After those you could probably go into the Batman & Son, Batman: RIP, Battle for the Cowl, Bruce Wayne: The Road Home. Then straight into the DCnU.

    EDIT: And this was all pretty much useless as the thread linked above is awesome..
    Last edited by Chainshada; 05-07-2012 at 05:17 AM.
    Ame-Comi, Aquaman, Batman, Batwoman, Blue Beetle, I, Vampire, JL, JLD, JLI, Nightwing, Red Hood, Superboy, Supergirl, Teen Titans, Scarlet Spider, Ultimate Spider-Man, X-Factor, X-Men:Legacy.

  11. #11
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    Quote Originally Posted by nepenthes View Post
    "Start from the beginning"....this is NOT how you do it!

    You're talking about 70 years of a myriad different titles in varying creative teams, styles, publishing contexts. It's a couple of trucks worth of hard to find comics, impossible to track down and mostly irrelevant. This isn't like a Harry Potter series with a clear start and progression. Also anything published in the 50's is a historical novelty, can barely engage the attention of many older fans let alone a new reader or a child. Do not assume that old equals kid friendly or worth reading.

    From personal experience (my son is also five) try Batman: Hush. He loves the images and variety of characters, he can read the story by pictures alone and the words are simple enough for him to practice reading on. The story itself is also a great introduction to the wider Batman world and caused a bit of a stir when it was published in 2003.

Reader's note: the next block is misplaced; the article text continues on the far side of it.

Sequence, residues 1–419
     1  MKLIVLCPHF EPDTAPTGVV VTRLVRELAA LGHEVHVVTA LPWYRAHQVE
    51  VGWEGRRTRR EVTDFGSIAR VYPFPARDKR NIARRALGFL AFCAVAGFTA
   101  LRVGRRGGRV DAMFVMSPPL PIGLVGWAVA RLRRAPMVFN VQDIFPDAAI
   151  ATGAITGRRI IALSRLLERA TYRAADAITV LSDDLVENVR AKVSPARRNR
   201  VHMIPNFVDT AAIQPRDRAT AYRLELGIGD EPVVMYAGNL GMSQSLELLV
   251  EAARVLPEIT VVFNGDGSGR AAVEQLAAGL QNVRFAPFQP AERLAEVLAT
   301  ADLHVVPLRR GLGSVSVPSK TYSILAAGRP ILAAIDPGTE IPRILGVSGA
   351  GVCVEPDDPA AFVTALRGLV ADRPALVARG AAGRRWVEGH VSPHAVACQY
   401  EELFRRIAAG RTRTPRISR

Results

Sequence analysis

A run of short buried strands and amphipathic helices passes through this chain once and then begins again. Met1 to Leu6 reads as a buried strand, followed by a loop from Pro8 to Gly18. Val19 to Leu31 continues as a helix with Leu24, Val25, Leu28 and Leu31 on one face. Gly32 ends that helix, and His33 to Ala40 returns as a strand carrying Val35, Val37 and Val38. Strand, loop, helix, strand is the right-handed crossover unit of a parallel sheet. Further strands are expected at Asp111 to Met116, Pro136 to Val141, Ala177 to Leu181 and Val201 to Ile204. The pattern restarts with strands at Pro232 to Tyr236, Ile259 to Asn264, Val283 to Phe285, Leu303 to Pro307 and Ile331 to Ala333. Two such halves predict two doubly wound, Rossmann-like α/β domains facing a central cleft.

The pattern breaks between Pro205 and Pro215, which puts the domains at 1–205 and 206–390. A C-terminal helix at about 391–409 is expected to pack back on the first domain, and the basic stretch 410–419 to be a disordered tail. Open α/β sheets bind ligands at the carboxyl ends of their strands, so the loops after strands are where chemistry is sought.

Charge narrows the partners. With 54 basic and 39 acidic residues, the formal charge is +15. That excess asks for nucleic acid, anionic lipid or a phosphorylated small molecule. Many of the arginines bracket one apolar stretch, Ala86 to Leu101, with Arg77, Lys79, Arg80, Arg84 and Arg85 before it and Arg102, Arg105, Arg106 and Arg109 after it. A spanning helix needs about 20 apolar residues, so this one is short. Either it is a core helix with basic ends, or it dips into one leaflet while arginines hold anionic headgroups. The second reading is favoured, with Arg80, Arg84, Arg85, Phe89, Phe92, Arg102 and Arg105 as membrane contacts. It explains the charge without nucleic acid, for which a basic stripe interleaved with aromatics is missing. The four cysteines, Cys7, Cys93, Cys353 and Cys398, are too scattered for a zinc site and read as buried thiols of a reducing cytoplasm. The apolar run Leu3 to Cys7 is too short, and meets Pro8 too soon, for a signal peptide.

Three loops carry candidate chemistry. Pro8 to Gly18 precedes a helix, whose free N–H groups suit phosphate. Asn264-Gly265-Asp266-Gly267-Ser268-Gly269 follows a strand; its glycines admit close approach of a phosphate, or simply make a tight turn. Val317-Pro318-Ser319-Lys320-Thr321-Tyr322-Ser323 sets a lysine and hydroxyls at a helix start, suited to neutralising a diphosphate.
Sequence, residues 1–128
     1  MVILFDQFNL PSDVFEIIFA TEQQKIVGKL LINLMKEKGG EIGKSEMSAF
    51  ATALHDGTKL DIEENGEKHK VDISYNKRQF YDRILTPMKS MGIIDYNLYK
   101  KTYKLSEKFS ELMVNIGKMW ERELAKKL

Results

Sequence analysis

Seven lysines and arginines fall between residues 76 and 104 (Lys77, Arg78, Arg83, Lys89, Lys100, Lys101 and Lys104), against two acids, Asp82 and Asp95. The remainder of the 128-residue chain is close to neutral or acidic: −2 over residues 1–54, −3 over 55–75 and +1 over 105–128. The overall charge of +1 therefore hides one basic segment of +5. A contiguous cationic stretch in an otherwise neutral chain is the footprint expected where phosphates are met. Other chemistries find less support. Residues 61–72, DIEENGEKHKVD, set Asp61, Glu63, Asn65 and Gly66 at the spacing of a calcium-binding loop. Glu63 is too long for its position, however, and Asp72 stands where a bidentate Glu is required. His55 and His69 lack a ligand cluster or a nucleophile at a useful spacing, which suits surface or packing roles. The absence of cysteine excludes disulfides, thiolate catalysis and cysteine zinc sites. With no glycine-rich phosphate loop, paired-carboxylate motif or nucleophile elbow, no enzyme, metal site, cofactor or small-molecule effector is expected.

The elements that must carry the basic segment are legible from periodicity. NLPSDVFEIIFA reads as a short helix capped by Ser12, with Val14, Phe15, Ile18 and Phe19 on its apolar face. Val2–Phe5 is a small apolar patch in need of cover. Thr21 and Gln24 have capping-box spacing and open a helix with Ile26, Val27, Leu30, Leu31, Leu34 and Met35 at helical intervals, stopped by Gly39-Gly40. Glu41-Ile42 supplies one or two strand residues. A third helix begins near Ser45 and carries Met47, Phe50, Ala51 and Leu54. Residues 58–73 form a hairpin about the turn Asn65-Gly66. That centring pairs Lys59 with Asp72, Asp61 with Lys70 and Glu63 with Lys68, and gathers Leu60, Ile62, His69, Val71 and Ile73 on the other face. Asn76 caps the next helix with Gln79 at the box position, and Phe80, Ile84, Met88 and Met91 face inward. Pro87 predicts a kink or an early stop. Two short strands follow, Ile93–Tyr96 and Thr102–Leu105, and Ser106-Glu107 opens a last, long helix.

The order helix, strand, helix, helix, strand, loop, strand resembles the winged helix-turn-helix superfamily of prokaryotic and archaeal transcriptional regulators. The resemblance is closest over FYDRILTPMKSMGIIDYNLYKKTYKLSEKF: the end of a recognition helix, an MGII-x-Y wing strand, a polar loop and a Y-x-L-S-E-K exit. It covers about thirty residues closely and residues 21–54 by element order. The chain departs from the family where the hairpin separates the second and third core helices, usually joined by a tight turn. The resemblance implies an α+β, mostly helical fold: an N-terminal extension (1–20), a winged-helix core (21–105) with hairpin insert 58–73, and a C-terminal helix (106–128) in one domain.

There is a monthly all-ages series based on the Brave and the Bold series, issues 1-6 are collected in The All New Batman: Brave & The Bold Vol.1

    There is also the Justice League featuring all the major heroes, all ages, simple scripting and nice, bright splashy art (it's actually the same artist as Hush). The first collection is out this week Justice League Vol.1: Origin

    More Batman reading, though most of this will only be relevant for older kids (and some adults! )
    Very good post and agree.

  12. #12
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    Thank you everyone for the helpful information. I wonder why DC doesn't have a digital comic subscription like Marvel does. Could get costly for the DC stories.

  13. #13
    Elder Member MajorHoy's Avatar
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    Quote Originally Posted by heman0420 View Post
    Thank you everyone for the helpful information. I wonder why DC doesn't have a digital comic subscription like Marvel does. Could get costly for the DC stories.
    They offer same-day digital on all the New 52 through comixology. Have you checked this site: https://read.dccomics.com/comixology/?

    (The prices for new comics are the same as for a printed comic book, which I'm assuming is to not alienate comic book shops. But after a newer issue is released, I believe the prices on a month older stuff drops. They also sometimes have special deals. OI don't use the site, so I'm not all that familiar with th ins-and-outs.)

    For the DC Kids comic books, you can also check here http://dcnationcomics.kidswb.com/ for info on the books, games and such.
    Last edited by MajorHoy; 05-07-2012 at 10:03 AM.